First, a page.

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Thursday, February 29, 2024
Feb. 29, 2024

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Turkey vultures should be revered, not reviled in Clark County

Their disposal of stinky, disease-laden animal matter important to environment

By , Columbian staff writer
4 Photos
Turkey vultures' pervious nostrils are among the features that help them feed on carrion.
Turkey vultures' pervious nostrils are among the features that help them feed on carrion. (The Columbian files) Photo Gallery

Turkey vultures are disgusting.

A few of their more stomach-turning features are featherless heads to help them reach deep into carcasses, pooping onto their own legs and projectile vomiting onto any perceived threat. It’s precisely these adaptations that make turkey vultures — the only species of vulture to live in Washington — so important. These birds serve as nature’s cleaning service, consuming recently dead animal matter that would otherwise be left to fester and spread disease. Turkey vultures should be revered, not reviled.

“They can eat food that would be toxic to just about any other animal. They have extremely strong digestive juices,” said Wilson Cady, founding member, past president and current board member of Vancouver Audubon. “They do a heck of a cleanup job. We’d be knee deep in dead animals if not for turkey vultures.”

Turkey vultures, also called turkey buzzards (though they’re not buzzards) and carrion crows, once hunted for food alongside California condors, Cady said. In fact, California condors were spotted by members of the Lewis and Clark expedition at the mouth of the Columbia River. (“They should have been called ‘Columbia condors,’ ” Cady quipped.)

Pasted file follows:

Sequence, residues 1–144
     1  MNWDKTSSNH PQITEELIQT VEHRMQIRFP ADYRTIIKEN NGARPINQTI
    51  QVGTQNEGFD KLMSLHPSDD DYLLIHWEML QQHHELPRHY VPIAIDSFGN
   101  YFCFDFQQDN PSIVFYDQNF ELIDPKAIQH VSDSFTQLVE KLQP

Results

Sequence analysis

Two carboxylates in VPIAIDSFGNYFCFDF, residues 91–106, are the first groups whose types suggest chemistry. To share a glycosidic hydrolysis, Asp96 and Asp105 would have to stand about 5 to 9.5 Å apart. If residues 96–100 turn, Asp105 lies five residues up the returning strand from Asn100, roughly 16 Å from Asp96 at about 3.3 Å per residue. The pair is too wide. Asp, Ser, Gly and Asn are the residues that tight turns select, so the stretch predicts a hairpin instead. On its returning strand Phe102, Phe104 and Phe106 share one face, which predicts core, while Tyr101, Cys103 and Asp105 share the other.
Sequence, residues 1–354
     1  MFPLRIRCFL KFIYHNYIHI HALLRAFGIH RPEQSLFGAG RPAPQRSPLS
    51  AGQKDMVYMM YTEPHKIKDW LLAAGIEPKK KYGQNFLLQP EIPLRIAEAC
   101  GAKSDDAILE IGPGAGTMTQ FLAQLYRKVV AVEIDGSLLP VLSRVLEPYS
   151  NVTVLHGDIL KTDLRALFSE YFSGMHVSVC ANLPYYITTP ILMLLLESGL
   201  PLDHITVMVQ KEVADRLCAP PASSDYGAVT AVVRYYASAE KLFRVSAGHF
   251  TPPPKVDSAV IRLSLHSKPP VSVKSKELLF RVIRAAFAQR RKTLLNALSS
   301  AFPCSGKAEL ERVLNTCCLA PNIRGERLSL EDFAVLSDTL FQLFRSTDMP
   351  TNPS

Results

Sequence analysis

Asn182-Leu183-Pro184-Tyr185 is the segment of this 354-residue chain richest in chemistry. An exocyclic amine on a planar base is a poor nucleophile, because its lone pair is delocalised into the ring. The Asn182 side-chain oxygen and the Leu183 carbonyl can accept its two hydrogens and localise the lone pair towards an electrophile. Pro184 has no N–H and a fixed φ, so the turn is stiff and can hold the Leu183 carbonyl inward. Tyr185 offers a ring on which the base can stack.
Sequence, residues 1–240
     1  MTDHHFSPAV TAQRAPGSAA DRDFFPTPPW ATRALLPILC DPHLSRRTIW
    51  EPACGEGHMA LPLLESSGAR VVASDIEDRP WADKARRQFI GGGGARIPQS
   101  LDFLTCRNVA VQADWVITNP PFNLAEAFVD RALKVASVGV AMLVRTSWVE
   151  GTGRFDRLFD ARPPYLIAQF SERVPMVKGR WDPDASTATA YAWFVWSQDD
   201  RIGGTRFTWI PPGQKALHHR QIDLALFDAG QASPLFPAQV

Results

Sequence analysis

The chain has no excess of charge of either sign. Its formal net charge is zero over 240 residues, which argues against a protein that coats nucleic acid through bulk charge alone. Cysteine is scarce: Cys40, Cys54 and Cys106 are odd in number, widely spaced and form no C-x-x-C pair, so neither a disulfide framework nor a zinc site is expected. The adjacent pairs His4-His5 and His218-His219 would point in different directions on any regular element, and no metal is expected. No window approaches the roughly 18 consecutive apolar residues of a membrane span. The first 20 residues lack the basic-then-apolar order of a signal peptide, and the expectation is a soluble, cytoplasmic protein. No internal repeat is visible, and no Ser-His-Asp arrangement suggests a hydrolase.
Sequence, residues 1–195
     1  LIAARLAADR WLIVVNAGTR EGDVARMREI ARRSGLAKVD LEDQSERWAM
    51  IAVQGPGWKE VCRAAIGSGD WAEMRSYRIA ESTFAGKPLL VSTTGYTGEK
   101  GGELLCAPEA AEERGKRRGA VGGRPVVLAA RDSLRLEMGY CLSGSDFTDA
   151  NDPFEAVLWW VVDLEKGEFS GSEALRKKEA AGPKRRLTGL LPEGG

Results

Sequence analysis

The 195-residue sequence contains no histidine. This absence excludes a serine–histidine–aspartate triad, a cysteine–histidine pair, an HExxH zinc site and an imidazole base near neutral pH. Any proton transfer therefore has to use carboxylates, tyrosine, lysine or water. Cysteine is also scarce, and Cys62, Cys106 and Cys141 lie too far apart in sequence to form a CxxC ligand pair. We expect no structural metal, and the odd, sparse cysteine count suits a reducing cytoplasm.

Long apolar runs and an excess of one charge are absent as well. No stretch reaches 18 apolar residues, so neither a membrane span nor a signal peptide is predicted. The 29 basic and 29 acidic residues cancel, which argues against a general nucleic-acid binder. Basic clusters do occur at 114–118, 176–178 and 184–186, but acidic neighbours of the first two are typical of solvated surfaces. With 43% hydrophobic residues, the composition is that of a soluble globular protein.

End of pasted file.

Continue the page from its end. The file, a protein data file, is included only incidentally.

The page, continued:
“When condors were around, they used the turkey vultures to find food. Condors don’t have a sense of smell but turkey vultures can smell the food from a mile away,” Cady said. “A turkey vulture’s beak isn’t strong enough to break open the skin so they relied on the condor to open up the food for them. After the condors ate, the vultures would come in and eat.”

Turkey vultures, which are classified as raptors because of their meat-only diets, used to flock to the Columbia River to feast on the bodies of dead smelt that blanketed the shore after spawning, Cady said. The huge smelt runs are now, like condors over Northwest skies, a thing of the past. The condors left but turkey vultures stayed, relying on predators like coyotes to kill and rend the hides of animals. Once a predator is done feeding, that’s when the vultures get to work. They can devour a deer carcass in a couple of days, making neat work of a messy situation, Cady said. (He once aimed a time-lapse camera at a dead deer, he said, to see how long it would take.) Cars are probably a modern turkey vulture’s best friend, because they do such an effective job of killing and tearing the skin.

This is likely why turkey vultures are often visible above Highway 14, especially around Camas and Washougal and up the Columbia River Gorge into Skamania County. Here, they can find plenty of roadkill, and it’s also not too far from their preferred nesting spots — hidden nooks and crannies in remote cliffsides and rocky areas. They don’t build nests of organic material but lay their eggs on bare surfaces in a location that’s difficult for predators to access. Nurseries have to be hard to reach because chicks take 28 days to hatch and another 10 weeks to fly. Once they find a good spot, turkey vultures, who mate for life, will return to it for generations, Cady said.